From the Finnish press

According to a new study, the physical activity of children consists mainly of low-efficiency activities, such as sitting, standing or walking.

Anne Soini studied three year olds for her dissertation, and found that they spent only two per cent of their time in the nursery at moderately straining play. Her study showed that only a few of those who took part in her study actively exercise two hours a day, which is the quantitative recommendation of Varhaiskasvatus' (early childhood education's).

"The increased sitting habits and insufficient physical activity of adults and school children have been widely discussed in the public lately. The results of this study would suggest that spontaneous, active play and general activity of children of nursery age is also worryingly infrequent," Soini reflects in her dissertation bulletin.

Soini considered comparative materials between Finland, Holland and Australia, which showed country specific differences in children's physical activity. During the nursery day, Finnish children tended to stay put more and do less moderately straining activity compared to their Dutch peers. On the other hand, Finnish kids spent approximately 20 minutes more on light exercise daily than their Australian peers.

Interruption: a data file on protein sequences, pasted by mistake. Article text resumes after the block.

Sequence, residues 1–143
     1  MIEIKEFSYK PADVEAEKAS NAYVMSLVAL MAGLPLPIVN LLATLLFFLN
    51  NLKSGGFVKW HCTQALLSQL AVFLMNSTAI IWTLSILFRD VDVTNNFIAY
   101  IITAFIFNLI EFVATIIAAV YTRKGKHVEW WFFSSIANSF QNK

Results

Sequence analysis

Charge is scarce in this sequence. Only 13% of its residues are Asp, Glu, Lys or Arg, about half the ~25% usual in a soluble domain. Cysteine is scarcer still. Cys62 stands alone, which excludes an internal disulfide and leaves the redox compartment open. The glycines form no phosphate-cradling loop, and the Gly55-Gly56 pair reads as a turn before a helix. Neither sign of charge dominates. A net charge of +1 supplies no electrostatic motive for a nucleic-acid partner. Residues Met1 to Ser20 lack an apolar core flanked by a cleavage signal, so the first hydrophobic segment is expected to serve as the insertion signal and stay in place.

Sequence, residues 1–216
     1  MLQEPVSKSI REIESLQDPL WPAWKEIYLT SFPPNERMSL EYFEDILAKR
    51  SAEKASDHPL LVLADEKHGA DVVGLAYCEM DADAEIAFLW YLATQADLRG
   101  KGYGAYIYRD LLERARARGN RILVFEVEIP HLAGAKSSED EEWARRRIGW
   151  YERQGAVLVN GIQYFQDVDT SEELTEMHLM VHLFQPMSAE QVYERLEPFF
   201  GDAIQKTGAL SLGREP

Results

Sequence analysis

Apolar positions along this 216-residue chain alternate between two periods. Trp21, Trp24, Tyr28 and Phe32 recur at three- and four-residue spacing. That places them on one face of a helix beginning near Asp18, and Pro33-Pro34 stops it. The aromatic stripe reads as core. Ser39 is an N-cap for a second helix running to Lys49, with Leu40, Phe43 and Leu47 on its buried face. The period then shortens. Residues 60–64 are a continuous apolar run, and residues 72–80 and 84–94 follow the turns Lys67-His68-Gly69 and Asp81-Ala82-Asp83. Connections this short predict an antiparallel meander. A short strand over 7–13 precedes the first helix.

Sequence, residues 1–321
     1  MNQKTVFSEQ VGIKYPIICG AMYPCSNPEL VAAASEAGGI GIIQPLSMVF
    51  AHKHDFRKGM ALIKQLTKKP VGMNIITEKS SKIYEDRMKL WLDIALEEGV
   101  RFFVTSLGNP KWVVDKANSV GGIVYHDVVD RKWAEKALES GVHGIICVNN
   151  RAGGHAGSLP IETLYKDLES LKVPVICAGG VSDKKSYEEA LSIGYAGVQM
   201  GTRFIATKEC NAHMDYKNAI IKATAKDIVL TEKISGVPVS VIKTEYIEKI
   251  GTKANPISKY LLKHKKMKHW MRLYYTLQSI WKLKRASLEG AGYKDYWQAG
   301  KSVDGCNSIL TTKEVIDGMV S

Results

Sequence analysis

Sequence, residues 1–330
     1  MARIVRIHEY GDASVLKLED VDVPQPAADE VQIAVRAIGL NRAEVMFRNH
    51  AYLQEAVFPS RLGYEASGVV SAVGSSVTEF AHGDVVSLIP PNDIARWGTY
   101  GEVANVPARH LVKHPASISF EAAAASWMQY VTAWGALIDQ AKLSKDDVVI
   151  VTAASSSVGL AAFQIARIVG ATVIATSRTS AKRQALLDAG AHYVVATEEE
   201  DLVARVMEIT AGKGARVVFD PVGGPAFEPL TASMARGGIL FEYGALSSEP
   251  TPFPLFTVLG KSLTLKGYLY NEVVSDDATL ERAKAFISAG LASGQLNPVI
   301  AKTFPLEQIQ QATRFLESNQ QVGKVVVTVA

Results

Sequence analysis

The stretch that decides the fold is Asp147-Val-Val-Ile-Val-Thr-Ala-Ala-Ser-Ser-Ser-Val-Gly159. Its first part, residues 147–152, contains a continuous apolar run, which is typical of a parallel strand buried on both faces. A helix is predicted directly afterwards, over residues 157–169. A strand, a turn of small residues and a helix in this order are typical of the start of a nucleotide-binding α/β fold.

Soini remarks that the nursery has a big role in strengthening children's exercising habits. The majority of the study observations showed that encouragement for physical activity was infrequent.

Master of physical education Anne Soini's doctoral thesis, 'Always on the move?' which measures physical activity of 3-year-old preschool children, will be examined on Thursday 15 January at the University of Jyväskylä.